Three times I thought I had found “the one.”
I was engaged to my college sweetheart when I realized that his temper was too unpredictable. After much thought and prayer I went to his apartment and broke our engagement. I asked him to take the ring of my finger. I hadn’t taken it off since he had put it on my finger months earlier. He refused. I placed the ring on his coffee table and left.
As I neared 30 I was scared that I would never find “the one.” I was a great girl with a great job, a great family, good friends, a masters degree and a home that I owned. Everything in my life was in place, but “the one.” I started to panic. This was not how my life was supposed to be and I took matters into my own hands.
I speed dated. I went to bars. I joined online dating sites. I met an amazing man through a Christian online dating site. He was handsome, successful, a hard worker, loved his family, loved his God, and treated me better than I have ever been treated by anyone before. We dated long distance for a few months and married eight months after we met.
Seven months into our marriage I found out that he lied to me about his degrees, his business and even his religion. I found out that he served time for armed robbery and, at that time, was being investigated for corporate embezzlement, which he later was imprisoned for. The only thing that I found to be true about him was his name.
I removed myself from the situation immediately and we were officially divorced seven months later.
At 30 few people are divorced. I had one friend from college who I knew was also divorced. I reached out to him because I needed to talk with someone who understood where I was in life. We had kept in touch, although not regularly. We hadn’t seen each other in 10 years and decided to get together for lunch. Lunch lasted four hours and, although we lived in different cities, we began to spend time together when we could.
He represented everything my ex-husband didn’t. This was a man I had known for almost 15 years. We knew each other “back when.” There were no secrets. We had many shared experiences and our backgrounds were very much alike. He was a wonderful friend to me.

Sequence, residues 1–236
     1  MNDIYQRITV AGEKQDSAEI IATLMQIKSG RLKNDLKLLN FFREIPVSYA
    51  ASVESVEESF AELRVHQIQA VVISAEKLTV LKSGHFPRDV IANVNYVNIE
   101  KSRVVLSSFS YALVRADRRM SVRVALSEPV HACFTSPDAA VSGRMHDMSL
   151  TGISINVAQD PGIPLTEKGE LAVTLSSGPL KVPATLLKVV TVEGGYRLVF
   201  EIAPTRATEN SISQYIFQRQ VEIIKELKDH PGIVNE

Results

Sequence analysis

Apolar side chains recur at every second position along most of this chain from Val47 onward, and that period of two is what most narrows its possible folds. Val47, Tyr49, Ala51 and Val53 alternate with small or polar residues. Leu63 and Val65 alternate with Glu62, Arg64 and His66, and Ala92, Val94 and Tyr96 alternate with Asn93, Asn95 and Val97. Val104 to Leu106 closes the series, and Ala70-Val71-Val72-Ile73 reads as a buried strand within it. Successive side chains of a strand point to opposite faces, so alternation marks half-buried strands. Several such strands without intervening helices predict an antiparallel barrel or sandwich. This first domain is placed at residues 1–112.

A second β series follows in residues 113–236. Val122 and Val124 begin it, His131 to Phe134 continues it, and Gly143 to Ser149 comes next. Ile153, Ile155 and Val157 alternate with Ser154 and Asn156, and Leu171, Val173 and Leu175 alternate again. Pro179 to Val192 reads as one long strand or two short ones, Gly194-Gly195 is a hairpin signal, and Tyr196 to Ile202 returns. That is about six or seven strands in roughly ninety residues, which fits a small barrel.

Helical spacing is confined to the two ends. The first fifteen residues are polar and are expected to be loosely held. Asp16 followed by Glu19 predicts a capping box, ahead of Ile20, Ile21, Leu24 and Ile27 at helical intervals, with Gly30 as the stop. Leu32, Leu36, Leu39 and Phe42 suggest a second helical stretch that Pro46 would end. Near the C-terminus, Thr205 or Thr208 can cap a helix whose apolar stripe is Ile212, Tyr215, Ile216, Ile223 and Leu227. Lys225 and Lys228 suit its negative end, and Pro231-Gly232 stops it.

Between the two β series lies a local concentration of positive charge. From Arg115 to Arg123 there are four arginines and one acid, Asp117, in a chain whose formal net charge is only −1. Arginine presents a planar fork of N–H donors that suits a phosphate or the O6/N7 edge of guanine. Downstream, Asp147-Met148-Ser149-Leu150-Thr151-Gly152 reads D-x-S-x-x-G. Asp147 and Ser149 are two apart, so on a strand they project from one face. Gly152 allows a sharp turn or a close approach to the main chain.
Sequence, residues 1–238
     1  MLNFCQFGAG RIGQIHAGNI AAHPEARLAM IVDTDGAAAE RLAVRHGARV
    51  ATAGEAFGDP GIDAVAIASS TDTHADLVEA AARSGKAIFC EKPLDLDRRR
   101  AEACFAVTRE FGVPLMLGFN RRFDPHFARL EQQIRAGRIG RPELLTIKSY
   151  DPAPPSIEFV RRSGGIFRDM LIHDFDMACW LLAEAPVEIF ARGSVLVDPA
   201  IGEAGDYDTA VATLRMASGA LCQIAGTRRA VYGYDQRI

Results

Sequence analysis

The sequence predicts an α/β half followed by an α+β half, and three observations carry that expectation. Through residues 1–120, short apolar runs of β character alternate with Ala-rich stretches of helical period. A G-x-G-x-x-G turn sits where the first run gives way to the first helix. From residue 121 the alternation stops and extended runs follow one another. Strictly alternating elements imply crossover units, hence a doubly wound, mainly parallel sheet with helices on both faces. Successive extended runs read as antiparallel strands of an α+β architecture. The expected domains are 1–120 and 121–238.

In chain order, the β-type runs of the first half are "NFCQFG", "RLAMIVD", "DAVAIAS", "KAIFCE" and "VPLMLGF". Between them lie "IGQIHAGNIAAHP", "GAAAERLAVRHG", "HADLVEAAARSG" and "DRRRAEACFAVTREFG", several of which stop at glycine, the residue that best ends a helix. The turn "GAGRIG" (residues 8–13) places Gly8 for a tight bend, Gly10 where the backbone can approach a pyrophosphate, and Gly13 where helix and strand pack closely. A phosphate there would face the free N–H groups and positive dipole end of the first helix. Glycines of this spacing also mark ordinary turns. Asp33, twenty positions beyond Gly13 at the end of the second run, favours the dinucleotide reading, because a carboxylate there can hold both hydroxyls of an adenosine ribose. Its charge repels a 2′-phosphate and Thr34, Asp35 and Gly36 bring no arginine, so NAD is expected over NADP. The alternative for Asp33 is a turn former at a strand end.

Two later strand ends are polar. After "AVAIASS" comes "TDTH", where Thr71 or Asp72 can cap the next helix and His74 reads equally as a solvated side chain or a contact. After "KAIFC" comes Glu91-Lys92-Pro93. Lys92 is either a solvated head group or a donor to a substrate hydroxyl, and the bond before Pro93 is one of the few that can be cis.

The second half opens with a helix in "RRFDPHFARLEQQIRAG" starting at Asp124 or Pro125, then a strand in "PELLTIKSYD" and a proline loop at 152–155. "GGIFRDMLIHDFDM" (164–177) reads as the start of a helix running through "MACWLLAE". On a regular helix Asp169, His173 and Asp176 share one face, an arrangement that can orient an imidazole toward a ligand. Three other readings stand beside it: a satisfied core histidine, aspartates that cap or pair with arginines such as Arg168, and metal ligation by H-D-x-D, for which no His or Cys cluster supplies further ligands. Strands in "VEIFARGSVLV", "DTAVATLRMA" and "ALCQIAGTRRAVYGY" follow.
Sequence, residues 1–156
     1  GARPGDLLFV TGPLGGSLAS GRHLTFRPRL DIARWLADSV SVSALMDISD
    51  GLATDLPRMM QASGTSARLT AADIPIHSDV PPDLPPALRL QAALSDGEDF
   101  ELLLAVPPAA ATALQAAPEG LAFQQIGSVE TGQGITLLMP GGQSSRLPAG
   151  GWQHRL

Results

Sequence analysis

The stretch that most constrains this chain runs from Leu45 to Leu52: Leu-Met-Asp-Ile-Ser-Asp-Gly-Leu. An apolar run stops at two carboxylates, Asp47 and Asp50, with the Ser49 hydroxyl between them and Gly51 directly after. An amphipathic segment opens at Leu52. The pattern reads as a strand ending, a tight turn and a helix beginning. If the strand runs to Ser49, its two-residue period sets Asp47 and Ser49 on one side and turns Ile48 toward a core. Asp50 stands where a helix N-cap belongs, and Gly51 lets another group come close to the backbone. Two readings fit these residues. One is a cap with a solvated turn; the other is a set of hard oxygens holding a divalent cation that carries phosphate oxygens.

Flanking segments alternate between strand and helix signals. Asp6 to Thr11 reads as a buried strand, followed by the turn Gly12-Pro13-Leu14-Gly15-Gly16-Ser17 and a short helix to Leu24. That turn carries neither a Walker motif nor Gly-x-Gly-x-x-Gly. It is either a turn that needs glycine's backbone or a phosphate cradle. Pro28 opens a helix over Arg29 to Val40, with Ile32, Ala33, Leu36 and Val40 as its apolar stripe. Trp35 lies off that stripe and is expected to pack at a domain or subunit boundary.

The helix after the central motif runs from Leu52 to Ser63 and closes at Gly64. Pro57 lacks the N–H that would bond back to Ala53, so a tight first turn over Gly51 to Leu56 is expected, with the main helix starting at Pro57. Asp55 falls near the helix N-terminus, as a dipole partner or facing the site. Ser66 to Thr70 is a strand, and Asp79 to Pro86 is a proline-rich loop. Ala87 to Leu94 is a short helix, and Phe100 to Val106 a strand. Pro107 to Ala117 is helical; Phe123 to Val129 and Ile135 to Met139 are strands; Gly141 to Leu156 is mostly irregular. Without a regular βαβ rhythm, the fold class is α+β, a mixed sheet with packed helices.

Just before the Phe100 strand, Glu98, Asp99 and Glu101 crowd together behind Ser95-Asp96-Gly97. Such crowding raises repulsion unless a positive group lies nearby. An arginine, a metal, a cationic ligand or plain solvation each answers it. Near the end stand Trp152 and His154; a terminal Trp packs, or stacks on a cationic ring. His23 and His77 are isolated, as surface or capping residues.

We fell in love and dated, albeit long distance. After a year of weekends on the road I told him that something was going to have to change. Either we going to have to quit seeing each other or we needed to get married. I loved him and loved spending time with him, but all the time on the road was too much for me.
We decided to get married. It was wonderful to be together, but the reality and severity of his OCD and depression and the impact those things had on our life was completely unexpected. I asked him to seek counseling less than a month after we were married. It wasn’t until eight months into our marriage that he did start counseling. I went along to support him.
A couple months later I found out I was pregnant. We were thrilled. It made a difference for a short while. We made plans and moved forward a little bit, but the progress didn’t last long.
The counselor he was seeing at the time refused to see him any more because it was clear that he was not willing to do the work necessary to manage his OCD.
Our son was born and he got more depressed and he was not managing his OCD at all. Once again we sought counseling but, again, after some time the counselor told him that there was no use for us to continue if he wasn’t willing to do the work necessary to make counseling successful.
I loved him, but he was unwilling to get help. I could not raise my son in the environment that our family was in. My son was four months old when we moved out and nine months old when our divorce became final.
I was 34. I had one broken engagement and two divorces under my belt. I was the single mom to a 9 month old. I was dealing with my own brokenness, embarrassment, and shame. I had little to no self-worth.
Through much prayer and work on my part I finally realized and accepted that God is as much a part of me as the blood that pumps through my body. Not only is God all around me, God resides within me. I realized that I cannot love God without loving myself. The journey of learning to love myself was not fun or easy and is not yet complete, but the journey has been and continues to be life changing.
Three times I thought I had found “the one” in other people. Three times I was wrong, but through Him I have finally found “The One” in me.
*This post was written in response to a prompt at Faith Barista: Finding “The One.” I realize that my story is unique and has probably left you with a lot of questions. My prayer is that my experience can help others and I am happy to share any part of my journey, so please don’t hesitate to ask.